Ventricular ectopic beats (VEBs) are common. Frequent (>60/hr or 1/min) in healthy subjects has an estimated prevalence of one to four percent in the general population. Over 10 percent on a Holter monitor is considered a high VEB burden. Monomorphic VEBs represent a focal arrhythmia arising from a single site. Generally, individuals with frequent monomorphic premature ventricular contractions (PVCs) have a benign clinical course. A portion have bothersome symptoms cardiomyopathy can develop in a minority of cases.
The clinical presentation of patients with frequent VEBs is variable. A large proportion are asymptomatic and are discovered on a routine ECG or during monitoring for an unrelated procedure. Other patients are mistaken to be bradycardic by palpation of the pulse and are referred for investigation based on this.
Individuals can be highly symptomatic complaining of palpitations, ‘missed beats’, ‘heavy beats’ and fluttering in the chest. Tiredness, dyspnoea, light-headedness and mental clouding are other common complaints. Heart failure symptoms may be the initial presentation.
Indications for treatment
The majority of individuals with frequent VEBs have a benign clinical course. A small proportion of individuals with a high burden of ventricular ectopy can develop left ventricular dysfunction and an even smaller proportion, VEB induced polymorphic ventricular tachycardia.
As such the indications for treatment include high symptom burden, VEB induced cardiomyopathy and rarely PVC induced polymorphic VT.
It is important to identify the those with structural abnormalities.
A 12 lead ECG is helpful to confirm the morphology and location of the VEB as well as to look for other evidence of structural heart disease such as Q waves, T wave inversion and epsilon waves anteriorly, suggestive of arrhythmogenic right ventricular dysplasia(ARVD).
Echocardiography assesses structure and function.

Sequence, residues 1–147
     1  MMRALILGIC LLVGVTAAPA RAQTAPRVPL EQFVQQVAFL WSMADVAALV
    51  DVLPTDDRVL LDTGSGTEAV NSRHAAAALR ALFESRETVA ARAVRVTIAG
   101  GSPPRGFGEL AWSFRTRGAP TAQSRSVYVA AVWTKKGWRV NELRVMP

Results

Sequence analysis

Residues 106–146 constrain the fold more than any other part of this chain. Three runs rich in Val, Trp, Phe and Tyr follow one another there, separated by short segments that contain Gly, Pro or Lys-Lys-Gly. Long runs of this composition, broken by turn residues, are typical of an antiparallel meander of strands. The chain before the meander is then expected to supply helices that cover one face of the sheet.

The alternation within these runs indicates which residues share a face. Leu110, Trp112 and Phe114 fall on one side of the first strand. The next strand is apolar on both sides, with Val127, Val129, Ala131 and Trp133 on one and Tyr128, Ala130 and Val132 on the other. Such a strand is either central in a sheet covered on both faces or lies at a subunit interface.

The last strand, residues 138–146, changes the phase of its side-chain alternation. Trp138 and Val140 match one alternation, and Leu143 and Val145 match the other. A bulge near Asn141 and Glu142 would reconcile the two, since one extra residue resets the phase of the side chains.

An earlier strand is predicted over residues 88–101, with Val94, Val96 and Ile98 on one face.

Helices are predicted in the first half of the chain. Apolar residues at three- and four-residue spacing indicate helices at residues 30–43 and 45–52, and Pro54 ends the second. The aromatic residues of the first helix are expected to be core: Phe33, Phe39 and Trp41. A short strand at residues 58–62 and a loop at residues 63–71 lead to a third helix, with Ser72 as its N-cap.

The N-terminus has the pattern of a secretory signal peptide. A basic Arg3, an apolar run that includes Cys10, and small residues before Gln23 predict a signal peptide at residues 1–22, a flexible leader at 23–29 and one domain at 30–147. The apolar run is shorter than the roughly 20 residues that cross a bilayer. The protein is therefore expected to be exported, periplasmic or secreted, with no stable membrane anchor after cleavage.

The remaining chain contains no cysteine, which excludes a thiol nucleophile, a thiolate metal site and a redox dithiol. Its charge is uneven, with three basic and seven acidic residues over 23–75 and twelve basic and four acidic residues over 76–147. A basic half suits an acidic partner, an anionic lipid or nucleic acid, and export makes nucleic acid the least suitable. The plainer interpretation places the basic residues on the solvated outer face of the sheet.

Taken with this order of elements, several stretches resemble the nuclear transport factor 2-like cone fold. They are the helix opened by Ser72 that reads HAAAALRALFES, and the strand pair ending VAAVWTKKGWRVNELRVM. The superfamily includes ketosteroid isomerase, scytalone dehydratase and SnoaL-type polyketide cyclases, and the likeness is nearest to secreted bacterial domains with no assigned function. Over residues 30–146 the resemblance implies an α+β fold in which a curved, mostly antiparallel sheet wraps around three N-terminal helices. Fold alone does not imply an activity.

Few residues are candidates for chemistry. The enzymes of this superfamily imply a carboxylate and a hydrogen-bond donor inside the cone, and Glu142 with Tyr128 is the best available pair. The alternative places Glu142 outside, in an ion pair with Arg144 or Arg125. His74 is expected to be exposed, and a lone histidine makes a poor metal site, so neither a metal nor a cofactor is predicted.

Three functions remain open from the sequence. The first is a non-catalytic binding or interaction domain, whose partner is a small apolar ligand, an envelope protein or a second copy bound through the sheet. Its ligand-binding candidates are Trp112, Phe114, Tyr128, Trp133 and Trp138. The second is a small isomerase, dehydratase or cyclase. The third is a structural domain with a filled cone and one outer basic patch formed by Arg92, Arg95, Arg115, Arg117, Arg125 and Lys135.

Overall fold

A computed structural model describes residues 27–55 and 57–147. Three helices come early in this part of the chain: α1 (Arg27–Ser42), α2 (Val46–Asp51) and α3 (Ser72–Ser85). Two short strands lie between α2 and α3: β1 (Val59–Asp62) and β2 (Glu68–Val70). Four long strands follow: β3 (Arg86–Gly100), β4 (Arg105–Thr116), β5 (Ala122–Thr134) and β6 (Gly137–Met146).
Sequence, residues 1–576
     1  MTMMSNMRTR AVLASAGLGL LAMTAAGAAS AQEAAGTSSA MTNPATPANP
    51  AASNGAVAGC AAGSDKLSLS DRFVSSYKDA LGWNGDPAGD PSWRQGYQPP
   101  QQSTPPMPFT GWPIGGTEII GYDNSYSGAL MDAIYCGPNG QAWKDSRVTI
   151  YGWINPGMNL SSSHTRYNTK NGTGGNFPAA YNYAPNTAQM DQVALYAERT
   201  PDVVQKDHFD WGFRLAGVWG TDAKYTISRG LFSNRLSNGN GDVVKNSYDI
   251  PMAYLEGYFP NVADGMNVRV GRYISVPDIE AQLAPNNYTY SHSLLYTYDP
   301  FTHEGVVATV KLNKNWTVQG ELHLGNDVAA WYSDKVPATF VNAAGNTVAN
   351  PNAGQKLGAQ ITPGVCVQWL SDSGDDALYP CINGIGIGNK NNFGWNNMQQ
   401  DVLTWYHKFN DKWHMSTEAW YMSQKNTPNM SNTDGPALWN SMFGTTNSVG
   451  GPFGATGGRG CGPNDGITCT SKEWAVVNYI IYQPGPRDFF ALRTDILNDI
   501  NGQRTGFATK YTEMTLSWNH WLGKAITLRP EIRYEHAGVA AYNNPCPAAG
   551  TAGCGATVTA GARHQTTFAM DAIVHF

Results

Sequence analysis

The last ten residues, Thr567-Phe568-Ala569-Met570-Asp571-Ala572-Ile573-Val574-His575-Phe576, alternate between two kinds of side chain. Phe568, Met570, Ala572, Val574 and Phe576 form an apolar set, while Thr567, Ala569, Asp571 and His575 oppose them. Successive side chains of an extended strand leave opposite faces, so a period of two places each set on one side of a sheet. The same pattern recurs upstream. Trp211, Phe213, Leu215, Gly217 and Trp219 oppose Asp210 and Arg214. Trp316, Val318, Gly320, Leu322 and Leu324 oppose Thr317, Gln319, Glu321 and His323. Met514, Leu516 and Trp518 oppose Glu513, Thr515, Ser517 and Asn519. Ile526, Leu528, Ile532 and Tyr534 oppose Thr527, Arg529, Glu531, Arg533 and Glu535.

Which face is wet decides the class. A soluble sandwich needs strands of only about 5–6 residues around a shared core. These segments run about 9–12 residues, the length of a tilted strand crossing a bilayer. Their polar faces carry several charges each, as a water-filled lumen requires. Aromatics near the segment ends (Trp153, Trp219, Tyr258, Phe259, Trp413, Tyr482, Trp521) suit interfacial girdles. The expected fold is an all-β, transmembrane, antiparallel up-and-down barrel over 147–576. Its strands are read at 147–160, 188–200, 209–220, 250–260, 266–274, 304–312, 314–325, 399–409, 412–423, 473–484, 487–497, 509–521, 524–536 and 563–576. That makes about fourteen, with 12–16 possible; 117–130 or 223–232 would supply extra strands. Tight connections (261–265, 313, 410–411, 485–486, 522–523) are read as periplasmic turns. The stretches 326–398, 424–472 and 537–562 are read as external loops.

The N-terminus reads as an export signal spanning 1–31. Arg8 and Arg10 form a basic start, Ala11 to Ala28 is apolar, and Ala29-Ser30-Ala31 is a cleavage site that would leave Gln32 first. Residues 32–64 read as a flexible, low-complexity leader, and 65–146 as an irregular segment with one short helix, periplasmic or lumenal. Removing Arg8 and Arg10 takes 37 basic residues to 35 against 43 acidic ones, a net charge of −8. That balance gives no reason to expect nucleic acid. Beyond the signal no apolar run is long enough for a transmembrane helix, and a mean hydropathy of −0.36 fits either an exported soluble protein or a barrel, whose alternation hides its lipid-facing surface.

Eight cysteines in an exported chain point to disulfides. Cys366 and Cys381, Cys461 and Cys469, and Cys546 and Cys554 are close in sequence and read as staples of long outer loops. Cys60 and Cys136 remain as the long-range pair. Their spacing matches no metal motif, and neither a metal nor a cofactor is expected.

A 24-hour Holter can quantify the burden and to see whether there is more than one morphology.
Cardiac MRI may be warranted if there is any evidence of a wall motion abnormality, an abnormal ECG or multiple morphologies of PVCs making structural heart disease more likely.
Given the small incidence of PVC induced cardiomyopathy clinical surveillance is appropriate even for asymptomatic patients.
In individuals with a high burden of symptomatic VEBs or individuals with evidence of VEB induced cardiomyopathy, treatment is recommended.
Beta blockers or calcium channel blockers remain first line options. Flecainide (once ischemia and abnormal LV function had been excluded) or sotalol are second line.
Catheter ablation with the aid of 3D mapping has a high success rate. It is generally reserved for patients who either cannot tolerate medical therapy or have failed medical therapy. The procedural risk is relatively low, and the curative rates are high.
- Frequent monomorphic VEBs are common. The vast majority have a benign c course.
- In high symptomatic burden or with evidence of VEB induced cardiomyopathy there are safe, effective therapies.
- Ongoing clinical surveillance is important in conservatively managed asymptomatic individuals
References available on request.
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Author competing interests: nil
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